At the hearing on SB 1108, the bill to make it tougher to qualify initiatives or referendum measures for the Idaho ballot by requiring signatures from 6 percent of voters in 18 of Idaho’s 35 legislative districts, instead of just 6 percent of voters statewide, former state Sen. Bert Marley, with the Idaho Education Association, told the committee, “To curtail that tool only increases the cynicism and apathy of our citizens towards government. This process has not been abused.”
Senate President Pro-Tem Brent Hill questioned Marley about any charges that the bill was in “retribution” for the successful referendum campaign in November that overturned the “Students Come First” school reform laws. “This is a sensitive issue,” Hill said. “There are many of us that have worked very, very hard to make sure there were no vindictive actions as a result of that proposition process. ... Despite how some of us vote on this issue, at least, it has nothing to do with that. … It is not an act of retribution in any sense, and I’d appreciate anything you can do to help convey that to your members.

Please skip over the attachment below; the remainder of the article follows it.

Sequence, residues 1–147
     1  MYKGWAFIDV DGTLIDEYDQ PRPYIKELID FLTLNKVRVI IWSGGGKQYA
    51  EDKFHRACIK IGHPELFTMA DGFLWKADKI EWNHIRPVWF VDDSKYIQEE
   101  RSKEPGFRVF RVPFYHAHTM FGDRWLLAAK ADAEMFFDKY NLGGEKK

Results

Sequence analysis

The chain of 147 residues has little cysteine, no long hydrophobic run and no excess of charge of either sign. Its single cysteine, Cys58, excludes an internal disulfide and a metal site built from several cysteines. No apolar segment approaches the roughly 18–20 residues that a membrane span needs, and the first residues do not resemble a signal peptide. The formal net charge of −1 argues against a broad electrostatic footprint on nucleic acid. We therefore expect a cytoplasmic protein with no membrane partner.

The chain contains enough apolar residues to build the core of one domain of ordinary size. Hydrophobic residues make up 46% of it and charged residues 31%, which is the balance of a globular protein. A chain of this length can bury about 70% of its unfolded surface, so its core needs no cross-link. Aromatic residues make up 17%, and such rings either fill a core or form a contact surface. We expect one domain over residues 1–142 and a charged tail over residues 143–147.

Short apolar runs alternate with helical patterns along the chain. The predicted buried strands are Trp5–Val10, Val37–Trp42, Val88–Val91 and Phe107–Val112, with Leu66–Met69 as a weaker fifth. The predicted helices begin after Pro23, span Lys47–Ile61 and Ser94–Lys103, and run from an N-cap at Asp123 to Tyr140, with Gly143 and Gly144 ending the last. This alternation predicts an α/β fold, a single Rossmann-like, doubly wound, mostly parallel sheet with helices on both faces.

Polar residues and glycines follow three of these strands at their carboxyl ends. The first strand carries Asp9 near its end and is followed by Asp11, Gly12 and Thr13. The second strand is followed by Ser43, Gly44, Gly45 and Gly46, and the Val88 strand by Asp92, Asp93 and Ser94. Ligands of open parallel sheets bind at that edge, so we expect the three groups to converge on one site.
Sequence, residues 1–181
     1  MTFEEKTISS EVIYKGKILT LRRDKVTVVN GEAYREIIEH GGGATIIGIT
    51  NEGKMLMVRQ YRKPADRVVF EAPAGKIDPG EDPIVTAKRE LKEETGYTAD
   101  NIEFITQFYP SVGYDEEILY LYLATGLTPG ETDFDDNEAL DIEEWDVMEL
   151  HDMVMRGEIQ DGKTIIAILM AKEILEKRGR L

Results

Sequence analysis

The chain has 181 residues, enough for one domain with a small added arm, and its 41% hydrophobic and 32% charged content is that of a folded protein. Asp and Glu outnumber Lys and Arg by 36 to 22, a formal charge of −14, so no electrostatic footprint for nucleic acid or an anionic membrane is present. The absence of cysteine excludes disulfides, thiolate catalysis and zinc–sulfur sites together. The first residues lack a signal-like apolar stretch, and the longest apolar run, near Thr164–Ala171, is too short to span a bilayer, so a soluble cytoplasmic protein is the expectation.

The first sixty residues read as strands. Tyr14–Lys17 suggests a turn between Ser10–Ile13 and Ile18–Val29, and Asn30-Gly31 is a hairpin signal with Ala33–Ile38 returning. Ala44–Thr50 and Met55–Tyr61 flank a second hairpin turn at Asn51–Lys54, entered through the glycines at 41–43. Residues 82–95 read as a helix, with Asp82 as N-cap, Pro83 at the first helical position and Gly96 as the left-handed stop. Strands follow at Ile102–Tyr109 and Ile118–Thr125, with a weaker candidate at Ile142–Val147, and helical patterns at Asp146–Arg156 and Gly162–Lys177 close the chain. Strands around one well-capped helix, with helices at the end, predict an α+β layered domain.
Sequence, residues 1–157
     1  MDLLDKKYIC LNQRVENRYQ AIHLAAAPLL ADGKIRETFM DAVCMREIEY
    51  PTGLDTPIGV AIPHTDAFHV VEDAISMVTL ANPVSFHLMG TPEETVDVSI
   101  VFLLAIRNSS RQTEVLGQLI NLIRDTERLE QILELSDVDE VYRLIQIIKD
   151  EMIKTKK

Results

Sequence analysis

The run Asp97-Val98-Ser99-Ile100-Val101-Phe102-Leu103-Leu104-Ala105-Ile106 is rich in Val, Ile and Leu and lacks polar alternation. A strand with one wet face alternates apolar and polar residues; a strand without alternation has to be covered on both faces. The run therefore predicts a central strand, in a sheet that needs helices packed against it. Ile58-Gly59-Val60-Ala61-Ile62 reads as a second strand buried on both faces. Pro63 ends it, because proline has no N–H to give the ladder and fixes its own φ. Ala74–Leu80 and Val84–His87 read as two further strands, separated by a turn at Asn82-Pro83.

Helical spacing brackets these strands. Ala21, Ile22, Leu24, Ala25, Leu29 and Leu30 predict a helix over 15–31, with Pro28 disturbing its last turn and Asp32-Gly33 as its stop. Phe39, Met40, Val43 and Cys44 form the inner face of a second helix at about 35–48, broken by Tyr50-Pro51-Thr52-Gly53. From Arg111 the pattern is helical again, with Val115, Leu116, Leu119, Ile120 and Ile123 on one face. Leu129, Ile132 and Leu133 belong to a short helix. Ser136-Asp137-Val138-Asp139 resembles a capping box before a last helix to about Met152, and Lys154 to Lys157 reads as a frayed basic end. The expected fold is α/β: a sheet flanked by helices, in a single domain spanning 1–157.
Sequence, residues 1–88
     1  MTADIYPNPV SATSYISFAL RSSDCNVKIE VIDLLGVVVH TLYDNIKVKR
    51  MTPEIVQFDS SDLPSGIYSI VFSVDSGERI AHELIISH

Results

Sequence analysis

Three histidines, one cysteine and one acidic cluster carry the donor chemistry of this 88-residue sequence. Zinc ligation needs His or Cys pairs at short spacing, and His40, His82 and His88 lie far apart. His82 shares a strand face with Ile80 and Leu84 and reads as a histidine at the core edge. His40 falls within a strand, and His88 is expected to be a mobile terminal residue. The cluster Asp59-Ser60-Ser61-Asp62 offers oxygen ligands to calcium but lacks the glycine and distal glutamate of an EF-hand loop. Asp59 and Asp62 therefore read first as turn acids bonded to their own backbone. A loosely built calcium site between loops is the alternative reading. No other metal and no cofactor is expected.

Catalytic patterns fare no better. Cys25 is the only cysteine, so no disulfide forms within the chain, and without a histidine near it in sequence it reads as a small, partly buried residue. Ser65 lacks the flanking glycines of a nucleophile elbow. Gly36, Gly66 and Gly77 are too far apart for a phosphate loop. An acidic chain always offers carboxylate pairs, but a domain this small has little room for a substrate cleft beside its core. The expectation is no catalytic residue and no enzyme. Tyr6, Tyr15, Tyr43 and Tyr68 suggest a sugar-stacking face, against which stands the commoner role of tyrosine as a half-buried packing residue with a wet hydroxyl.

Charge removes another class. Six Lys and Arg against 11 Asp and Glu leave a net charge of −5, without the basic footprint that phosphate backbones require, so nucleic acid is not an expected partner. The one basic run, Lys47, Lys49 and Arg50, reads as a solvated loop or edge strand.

Russ Hendricks, lobbyist for the Idaho Farm Bureau Federation, which proposed the bill, said his group worries about abuse of initiatives or referenda in the future. He told the committee, “Our members are keenly aware of the old adage that it’s always important to close the barn door before the horse gets out and not after. We see what’s happening in other areas. We feel it’s important to go ahead and make some adjustments now before there are abuses.” He said the state has an interest in "ensuring ... statewide support for an initiative before it goes on the ballot." Under questioning, he said, "I guess there's a possibility somebody could take it to court."